[identity profile] halfaustere.livejournal.com posting in [community profile] thedirtyverse
April 1, 1962

Outside the door of the Fitzwilliam Estate in Corsham, Robert Ellingsworth Capio (M.D.) was standing and staring at the pull of the bell. Staring, and thinking. Taking an assessment of what was going on.

Mentally talking to himself.

Inside, Charlie Fitzwilliam was chasing his younger sister Alice around the foyer. Robert didn't know that, but he did know he kept hearing screaming. It wasn't quite passing through the layer of thought currently taking up most of the space, though – if he'd realized they were Alice's screams, maybe he would have actually gotten the nerve to go indoors more quickly, in the very high off-chance she was in danger in her own home.

Danger would put off what he was about to do more. It wasn't like he wanted to put it off, either, not really – he wanted to make sure it was all right. He wanted to fix things. He wanted – he wanted Alice to be his, truth be told, and he needed to do this to make it right.

And yet, he was still afraid.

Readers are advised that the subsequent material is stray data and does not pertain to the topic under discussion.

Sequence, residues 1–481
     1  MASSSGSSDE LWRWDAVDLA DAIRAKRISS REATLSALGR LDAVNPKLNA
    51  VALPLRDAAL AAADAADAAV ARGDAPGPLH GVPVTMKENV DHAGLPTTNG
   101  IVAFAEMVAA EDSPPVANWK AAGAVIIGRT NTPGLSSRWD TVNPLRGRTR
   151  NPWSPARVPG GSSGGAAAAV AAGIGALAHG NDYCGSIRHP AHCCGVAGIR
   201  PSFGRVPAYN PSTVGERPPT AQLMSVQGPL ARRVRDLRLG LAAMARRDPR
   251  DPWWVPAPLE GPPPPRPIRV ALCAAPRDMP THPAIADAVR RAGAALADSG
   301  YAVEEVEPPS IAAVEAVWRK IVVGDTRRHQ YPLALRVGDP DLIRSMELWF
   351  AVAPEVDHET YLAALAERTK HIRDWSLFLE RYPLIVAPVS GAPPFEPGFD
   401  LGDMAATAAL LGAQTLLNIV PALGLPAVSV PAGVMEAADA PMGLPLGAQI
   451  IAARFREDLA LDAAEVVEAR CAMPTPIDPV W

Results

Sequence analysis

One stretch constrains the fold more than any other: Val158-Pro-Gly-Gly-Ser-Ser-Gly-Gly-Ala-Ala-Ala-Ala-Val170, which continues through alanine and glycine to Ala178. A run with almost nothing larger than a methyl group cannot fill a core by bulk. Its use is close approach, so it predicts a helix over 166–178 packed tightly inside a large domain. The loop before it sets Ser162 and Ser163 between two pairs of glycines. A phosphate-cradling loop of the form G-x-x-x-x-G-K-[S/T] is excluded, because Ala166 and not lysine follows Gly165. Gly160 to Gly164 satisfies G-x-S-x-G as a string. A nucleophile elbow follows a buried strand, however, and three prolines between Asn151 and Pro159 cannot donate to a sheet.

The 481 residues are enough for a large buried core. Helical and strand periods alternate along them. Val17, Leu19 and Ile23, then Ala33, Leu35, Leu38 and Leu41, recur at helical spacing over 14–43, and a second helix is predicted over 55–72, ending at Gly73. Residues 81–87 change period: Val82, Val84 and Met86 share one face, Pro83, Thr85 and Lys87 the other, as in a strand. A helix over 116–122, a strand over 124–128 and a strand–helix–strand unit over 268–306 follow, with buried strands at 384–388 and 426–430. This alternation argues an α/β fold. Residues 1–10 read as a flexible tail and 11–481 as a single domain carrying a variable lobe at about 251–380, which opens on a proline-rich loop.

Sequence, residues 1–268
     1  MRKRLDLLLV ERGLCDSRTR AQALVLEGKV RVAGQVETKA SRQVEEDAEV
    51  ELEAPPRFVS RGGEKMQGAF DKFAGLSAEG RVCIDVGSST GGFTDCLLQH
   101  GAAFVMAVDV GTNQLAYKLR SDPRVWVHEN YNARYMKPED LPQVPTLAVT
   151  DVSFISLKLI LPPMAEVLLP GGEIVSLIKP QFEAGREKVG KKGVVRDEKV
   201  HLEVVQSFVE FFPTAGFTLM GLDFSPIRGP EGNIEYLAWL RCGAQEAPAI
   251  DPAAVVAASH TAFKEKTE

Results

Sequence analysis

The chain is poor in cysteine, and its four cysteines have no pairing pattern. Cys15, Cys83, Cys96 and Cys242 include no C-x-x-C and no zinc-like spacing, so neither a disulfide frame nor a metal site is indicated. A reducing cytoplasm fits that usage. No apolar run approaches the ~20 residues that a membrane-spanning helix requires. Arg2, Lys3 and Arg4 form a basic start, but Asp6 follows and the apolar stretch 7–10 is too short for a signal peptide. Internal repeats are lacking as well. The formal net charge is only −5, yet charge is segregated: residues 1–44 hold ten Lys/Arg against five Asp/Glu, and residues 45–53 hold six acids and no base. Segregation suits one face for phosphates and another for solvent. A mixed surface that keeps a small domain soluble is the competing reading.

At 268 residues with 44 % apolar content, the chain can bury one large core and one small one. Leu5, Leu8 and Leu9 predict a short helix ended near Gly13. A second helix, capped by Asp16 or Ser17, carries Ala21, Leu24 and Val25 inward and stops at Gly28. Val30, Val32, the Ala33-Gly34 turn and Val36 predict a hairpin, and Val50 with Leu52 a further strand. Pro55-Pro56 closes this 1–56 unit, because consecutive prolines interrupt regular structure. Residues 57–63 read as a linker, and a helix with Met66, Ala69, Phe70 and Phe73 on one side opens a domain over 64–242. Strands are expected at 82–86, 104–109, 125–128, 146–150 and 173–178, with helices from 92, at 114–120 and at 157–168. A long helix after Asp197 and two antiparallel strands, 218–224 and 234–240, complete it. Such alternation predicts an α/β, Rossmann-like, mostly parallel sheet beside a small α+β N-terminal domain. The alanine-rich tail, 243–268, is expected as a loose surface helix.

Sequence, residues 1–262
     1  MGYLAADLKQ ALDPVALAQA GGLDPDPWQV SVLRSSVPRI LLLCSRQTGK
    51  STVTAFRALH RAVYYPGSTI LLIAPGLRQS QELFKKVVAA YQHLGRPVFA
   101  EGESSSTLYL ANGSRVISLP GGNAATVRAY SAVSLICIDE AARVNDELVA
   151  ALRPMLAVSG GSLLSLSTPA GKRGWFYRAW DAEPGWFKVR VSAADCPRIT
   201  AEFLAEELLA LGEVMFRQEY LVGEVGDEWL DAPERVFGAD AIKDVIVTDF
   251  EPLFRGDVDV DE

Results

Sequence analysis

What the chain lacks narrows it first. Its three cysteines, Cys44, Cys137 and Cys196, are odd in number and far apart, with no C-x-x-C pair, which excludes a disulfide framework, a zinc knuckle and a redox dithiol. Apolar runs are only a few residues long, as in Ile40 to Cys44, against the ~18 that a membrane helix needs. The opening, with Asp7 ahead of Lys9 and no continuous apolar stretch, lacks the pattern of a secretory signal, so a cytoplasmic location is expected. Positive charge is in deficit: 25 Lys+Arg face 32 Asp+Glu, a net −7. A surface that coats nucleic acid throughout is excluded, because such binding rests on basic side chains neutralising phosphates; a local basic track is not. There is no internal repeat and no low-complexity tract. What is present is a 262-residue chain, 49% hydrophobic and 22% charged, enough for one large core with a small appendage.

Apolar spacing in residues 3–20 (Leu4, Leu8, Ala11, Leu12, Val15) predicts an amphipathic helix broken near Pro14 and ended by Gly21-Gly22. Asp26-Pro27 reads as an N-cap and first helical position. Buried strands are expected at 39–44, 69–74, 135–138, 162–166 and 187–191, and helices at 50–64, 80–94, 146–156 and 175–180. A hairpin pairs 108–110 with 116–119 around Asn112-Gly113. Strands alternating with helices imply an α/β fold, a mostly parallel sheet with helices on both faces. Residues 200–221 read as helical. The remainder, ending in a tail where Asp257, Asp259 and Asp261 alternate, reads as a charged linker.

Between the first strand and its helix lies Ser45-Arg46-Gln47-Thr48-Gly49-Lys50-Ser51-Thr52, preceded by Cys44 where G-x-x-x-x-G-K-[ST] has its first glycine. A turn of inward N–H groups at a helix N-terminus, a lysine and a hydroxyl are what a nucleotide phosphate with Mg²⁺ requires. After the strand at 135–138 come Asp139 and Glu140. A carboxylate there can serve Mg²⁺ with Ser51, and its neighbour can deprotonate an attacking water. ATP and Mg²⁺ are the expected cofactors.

Afraid of what, though? he asked himself.

Disapproval, he replied. Rejection before I even have the chance to request it of her.

But it's only Andy! Anne's brother!

No, this is Randolf, Alice's father.

Alice's father. And Alice's mother, and Robert was somewhat less afraid of Isabella. She knew, she had to know, what he wanted,a nd if she hadn't approved, she would have simply told Randolf not to speak to him.

Somehow, that didn't assuage his terror any.

(Randolf kept a loaded rifle near the door. He'd seen it used on Alice's ex-boyfriend. As a threat, not as a gun, but the thought was the same.)

And you love her, don't you? the inner voice reminded him. I mean, hello?

When his inner voice started to sound like Mikey, Robert realized it was time to ring the bell, and so, with a strong inhale, he did.

Charlie had Alice around the waist and was half-way through hoisting her over his shoulder when the bell rang. Alice yelped on instinct, squirming violently to get down, her lanky limbs flailing and kicking in every direction but the right one.

"MUM!" Charlie shouted. "BELL!"

"Yes, yes, darling, I know," Isabella said calmly, appearing from behind them. "Take your sister upstairs, please. Stop making such a ruckus!"

"It's impossible, you know. She's awful. You really should get rid of her."


"You're showing the entire world her business," Isabella pointed out.